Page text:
Is anyone surprised that a federal grand jury has handed down a six-count indictment of John Edwards? (Four counts involve illegal payments, one involves conspiracy, and one involves false statements, according to the New York Times.)
This infamous ambulance-chasing lawyer from North Carolina, after all, made his career — and untold millions — playing fast and lose with the law. So this latest blemish on his reputation is not surprising. In fact, it was sadly predictable.
Of course, Edwards has gotten lots of ink for cheating on his wife, Elizabeth Edwards, and for publicly humiliating her by fathering an out-of-wedlock “love child” with the tabloid princess Rielle Hunter.
According to the Washington Post, the federal grand jury “had been examining Edwards’ role in funneling money from political donors to…Hunter, allegedly to cover-up [their] extramarital affair.”
That’s damning, but the biggest scandal is not Edwards’ tawdry and gratuitous affair. The biggest scandal is that the Democratic Party nominated this man for the vice presidency, and that the legacy media did absolutely nothing to seriously vet him. Instead, Edwards was given a pass and treated as a left-wing Johnny Appleseed.
In truth, though, Edwards is a monument to narcissistic self-absorption. He has always been about himself only and the pursuit of raw political power. Everything else — even his wife and children — is of secondary importance to him. That this left-wing lizard got even remotely close to the White House is a sad commentary on the state of our politics, our culture and the news media. Good riddance.
Update: Over at The Corner, The Heritage Foundation’s Robert Rector has an excellent post on Edwards’ phony pretensions to fight “poverty” in America.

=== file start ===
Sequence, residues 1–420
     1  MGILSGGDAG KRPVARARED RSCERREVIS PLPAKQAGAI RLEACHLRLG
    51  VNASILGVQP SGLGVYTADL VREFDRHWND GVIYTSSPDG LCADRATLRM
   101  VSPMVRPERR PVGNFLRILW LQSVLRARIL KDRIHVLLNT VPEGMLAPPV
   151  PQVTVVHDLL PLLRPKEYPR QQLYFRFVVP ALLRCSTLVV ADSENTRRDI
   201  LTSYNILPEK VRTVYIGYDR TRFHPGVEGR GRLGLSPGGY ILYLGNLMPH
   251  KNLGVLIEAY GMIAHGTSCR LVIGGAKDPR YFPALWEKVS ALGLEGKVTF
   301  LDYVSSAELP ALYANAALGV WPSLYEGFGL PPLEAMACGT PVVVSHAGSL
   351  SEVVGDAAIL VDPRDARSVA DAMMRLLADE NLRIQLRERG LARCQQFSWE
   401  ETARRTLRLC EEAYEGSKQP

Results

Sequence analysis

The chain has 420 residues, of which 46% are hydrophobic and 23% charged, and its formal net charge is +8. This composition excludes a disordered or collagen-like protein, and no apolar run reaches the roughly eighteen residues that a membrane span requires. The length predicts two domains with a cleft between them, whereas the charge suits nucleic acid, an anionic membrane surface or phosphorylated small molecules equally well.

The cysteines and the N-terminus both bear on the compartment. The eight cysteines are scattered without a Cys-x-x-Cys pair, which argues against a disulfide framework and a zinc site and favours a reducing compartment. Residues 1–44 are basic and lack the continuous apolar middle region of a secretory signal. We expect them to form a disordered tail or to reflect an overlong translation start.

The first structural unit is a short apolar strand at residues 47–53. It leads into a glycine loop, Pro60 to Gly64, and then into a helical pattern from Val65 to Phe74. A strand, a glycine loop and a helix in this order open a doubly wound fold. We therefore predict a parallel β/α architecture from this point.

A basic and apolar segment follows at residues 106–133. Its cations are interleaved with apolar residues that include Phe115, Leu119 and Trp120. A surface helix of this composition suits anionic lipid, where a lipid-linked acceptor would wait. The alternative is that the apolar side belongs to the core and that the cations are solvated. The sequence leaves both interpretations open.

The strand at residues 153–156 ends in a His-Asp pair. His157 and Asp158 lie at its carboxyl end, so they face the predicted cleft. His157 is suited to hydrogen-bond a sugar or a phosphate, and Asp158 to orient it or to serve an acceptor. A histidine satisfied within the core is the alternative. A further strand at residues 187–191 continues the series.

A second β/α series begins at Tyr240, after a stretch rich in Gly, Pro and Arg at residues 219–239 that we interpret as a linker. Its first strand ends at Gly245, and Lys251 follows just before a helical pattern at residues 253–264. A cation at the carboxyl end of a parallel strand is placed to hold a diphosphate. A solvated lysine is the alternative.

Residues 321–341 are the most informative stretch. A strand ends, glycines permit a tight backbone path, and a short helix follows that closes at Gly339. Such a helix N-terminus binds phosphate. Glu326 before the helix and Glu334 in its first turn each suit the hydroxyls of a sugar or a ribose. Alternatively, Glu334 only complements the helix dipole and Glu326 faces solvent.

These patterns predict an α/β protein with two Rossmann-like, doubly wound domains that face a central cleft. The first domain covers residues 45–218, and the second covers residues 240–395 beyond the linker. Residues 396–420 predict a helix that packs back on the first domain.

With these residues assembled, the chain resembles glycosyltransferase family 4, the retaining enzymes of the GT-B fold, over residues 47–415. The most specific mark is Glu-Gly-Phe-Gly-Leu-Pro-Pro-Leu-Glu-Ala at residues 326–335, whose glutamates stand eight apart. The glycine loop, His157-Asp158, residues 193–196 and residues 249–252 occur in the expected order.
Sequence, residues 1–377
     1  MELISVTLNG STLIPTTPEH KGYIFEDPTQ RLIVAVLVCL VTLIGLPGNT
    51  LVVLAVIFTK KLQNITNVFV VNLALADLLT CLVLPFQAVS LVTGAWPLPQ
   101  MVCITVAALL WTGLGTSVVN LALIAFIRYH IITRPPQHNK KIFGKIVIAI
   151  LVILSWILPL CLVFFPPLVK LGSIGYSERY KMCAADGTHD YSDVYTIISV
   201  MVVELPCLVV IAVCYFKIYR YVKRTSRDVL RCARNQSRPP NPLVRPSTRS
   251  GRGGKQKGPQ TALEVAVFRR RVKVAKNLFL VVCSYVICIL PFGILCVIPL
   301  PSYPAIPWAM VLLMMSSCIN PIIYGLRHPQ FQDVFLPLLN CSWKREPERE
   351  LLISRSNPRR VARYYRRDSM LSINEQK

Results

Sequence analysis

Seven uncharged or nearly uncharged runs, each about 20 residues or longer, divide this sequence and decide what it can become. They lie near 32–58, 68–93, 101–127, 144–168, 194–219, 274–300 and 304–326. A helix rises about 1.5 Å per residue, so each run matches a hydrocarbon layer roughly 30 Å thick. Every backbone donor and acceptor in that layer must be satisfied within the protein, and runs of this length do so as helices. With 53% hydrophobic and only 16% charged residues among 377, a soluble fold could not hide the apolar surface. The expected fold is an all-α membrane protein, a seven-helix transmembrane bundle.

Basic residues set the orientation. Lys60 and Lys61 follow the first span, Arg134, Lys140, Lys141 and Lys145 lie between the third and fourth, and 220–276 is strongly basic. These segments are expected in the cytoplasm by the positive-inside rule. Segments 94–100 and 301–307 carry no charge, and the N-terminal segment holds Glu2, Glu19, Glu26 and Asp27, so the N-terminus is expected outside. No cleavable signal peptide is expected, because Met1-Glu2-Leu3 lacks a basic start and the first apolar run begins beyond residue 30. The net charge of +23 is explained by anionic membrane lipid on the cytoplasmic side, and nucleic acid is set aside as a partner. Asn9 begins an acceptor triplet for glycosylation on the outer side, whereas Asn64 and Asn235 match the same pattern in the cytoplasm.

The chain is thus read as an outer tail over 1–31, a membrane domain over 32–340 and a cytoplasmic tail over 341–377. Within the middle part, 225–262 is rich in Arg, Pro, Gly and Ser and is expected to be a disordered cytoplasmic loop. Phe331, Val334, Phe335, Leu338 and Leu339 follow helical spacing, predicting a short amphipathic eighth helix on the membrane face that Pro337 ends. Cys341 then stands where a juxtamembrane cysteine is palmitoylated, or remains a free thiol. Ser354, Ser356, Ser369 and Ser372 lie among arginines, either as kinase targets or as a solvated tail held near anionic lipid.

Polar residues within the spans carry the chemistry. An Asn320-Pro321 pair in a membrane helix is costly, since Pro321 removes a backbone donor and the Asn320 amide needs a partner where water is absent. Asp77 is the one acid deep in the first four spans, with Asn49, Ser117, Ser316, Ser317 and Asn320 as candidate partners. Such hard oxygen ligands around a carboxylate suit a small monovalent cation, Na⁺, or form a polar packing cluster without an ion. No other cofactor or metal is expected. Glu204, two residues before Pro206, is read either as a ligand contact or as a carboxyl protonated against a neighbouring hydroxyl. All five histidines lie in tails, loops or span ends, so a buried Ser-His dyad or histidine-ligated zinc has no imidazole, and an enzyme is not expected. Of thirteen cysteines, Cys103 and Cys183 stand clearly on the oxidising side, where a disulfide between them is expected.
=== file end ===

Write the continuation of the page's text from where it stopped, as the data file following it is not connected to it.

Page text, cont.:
Of course, Edwards never really understood or cared about “poverty.” The issue was simply a vehicle for him to gain traction politically. Thus, as Rector points out, Edwards
lectured the public endlessly about children in poverty, painting pictures of toddlers with empty stomachs living in shacks. But he never discussed the causes of child poverty. These are: very low levels of work among poor parents (even during economic boom times) and the collapse of marriage in low-income communities…
As the nation’s most vocal anti-poverty warrior, Edwards always maintained a pious silence about topics such as the causes of poverty and the size of the welfare state.
Instead, living in a $5 million mansion and sporting $450 haircuts, he intoned endlessly about little girls with empty stomachs who walked to school, on cold wintry mornings, without even a coat to keep warm. Behind the empty rhetoric was a man with vanity and ambition, and not much else.
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